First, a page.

Release Date: May 8, 2012
Publisher: St. Martin’s Griffin (Macmillan)
Age Group: Young Adult
Source: ARC received from publisher
Don’t Sweat. Don’t Laugh. Don’t draw attention to yourself. And most of all, whatever you do, do not fall in love with one of them.
Gene is different from everyone else around him. He can’t run with lightning speed, sunlight doesn’t hurt him and he doesn’t have an unquenchable lust for blood. Gene is a human, and he knows the rules. Keep the truth a secret. It’s the only way to stay alive in a world of night—a world where humans are considered a delicacy and hunted for their blood.
When he’s chosen for a once in a lifetime opportunity to hunt the last remaining humans, Gene’s carefully constructed life begins to crumble around him. He’s thrust into the path of a girl who makes him feel things he never thought possible—and into a ruthless pack of hunters whose suspicions about his true nature are growing. Now that Gene has finally found something worth fighting for, his need to survive is stronger than ever—but is it worth the cost of his humanity?
Tell Me More: When you’re on your very first proper train ride and it’s going to take five hours to get to your destination, there’s nothing better than an engaging and intense book to remove you from the cramped seats and boredom. I’d been putting off reading The Hunt for a few days before my trip to Windsor, Ontario, but faced with a dying iPod, I decided to give it a shot. Quite honestly, it was the best decision I’d made all week.
Fukuda yanks readers into The Hunt like they’re about to be hit by a train–the first fifteen pages are elemental to setting up this bizarre world where people drink blood, scratch their wrists in joy and crack their necks. Or are they people in the first place? The word “vampire” immediately comes to mind, but you’d be hard pressed to actually find Fukuda throwing out that familiar life line. Instead, Gene (whose name readers won’t even spot until well into the book) makes two things clear: people are dangerous, and he is not one of them. I loved that I wasn’t sure if I could trust Gene or not; after all, couldn’t this just be part of our future evolution (as uncomfortable as it is to think about it)? But Fukuda deserves another point for infusing the first few chapters with a sense of dread and unease. Something isn’t right in Gene’s world, and if my reaction means anything, readers won’t like what they’ll find bubbling under the surface.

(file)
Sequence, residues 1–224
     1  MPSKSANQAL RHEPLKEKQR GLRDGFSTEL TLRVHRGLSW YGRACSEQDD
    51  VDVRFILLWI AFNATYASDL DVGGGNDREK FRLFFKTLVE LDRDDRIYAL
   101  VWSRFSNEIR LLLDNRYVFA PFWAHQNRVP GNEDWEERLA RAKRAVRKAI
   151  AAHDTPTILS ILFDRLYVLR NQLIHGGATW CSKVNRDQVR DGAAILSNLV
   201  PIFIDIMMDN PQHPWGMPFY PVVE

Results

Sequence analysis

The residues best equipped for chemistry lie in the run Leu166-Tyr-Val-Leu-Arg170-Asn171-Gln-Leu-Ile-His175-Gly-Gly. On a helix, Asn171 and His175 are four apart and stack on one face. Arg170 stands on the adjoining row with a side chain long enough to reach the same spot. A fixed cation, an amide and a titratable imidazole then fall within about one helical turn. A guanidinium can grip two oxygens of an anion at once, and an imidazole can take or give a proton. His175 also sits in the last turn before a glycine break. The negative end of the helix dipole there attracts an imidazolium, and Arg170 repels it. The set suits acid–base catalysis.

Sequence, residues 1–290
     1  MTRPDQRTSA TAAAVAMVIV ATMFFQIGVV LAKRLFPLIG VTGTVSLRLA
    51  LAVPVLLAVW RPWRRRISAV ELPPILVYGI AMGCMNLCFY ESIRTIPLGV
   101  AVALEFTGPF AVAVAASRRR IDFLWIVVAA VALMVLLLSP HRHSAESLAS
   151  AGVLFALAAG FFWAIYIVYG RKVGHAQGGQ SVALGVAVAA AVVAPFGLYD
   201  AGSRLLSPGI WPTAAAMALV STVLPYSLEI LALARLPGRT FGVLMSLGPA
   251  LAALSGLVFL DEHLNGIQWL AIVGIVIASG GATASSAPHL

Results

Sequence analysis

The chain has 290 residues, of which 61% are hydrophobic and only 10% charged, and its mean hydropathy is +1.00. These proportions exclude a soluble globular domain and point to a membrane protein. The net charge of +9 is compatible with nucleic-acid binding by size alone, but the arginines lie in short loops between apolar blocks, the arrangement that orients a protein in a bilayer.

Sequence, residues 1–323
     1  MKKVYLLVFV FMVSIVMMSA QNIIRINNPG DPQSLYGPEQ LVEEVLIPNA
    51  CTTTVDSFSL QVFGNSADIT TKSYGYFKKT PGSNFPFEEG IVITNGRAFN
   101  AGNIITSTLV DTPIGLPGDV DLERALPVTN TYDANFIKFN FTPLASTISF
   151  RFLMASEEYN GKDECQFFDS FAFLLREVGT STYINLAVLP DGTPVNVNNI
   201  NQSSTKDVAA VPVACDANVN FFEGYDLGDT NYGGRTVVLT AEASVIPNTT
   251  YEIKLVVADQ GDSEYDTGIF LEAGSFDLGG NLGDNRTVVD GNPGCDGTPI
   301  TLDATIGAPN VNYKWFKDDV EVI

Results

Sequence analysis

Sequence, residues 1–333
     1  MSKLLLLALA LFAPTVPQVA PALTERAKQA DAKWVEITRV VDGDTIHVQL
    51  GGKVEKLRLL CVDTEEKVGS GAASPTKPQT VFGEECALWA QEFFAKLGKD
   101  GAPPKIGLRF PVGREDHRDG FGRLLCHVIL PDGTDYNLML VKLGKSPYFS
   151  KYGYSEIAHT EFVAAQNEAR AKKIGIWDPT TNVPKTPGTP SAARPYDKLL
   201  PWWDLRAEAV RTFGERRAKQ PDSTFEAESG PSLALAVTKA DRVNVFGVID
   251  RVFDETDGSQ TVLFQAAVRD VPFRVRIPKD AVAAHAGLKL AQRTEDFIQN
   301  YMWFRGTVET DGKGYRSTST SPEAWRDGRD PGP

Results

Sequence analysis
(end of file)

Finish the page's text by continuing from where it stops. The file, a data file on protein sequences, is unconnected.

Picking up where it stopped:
Many of the twists in The Hunt were obvious from a mile away, but I still enjoyed the breakneck speed at which I experienced them. Gene is a strong character, but he is also a bit obtuse–I had a couple of moments where I wanted to shake him and convince him not to make bad decisions. I also had a few moments where I wanted to curl up in the fetal position on my seat and hide from the awful situations Gene found himself in, time and again. The titular Hunt was horrifying to watch unfold, but its power could have only come from the little details. From every step of the preparations for the Hunt, Fukuda reveals more and more of the society Gene is hiding from and it adds to the suspense.
Thematically speaking, the horrors that come to light in The Hunt are ones that are smarter than most people give YA authors credit for. There is an obvious condescension when children’s literature is discussed, but if you don’t start kids thinking about their society and actions early, when can you start? I loved that Fukuda presents his readers with questions on humanity, acceptance and truth, and that he doesn’t dictate, but creates scenarios that his readers will respond to. Again, if my reaction is anything to go by, they will respond in a myriad of ways. Beyond the tongue-in-cheek nudges towards the fetishized vampire culture we live in today, Fukuda asks smart questions about cultural and political issues we tend not to notice.
The Final Say: The Hunt is an automatic choice for readers who want their horror served with slices of realism, dystopia and socio-cultural commentary. Also, it’s one of the wildest and terrifying rides YA could ever offer.
Born in Manhattan and raised in Hong Kong, Andrew Fukuda is half-Chinese, half-Japanese. After earning a bachelor’s degree in history from Cornell University, Fukuda worked in Manhattan’s Chinatown with the immigrant teen community. That experience led to the writing of Crossing, his debut novel that was selected by ALA Booklist as an Editor’s Choice, Top Ten First Novel, and Top Ten Crime Novel in 2010. His second novel, The Hunt, the first in a new series, was bought at auction by St. Martin’s Press and will be published in May 2012. Before becoming a full time writer, Fukuda was a criminal prosecutor for seven years. He currently resides on Long Island, New York, with his family.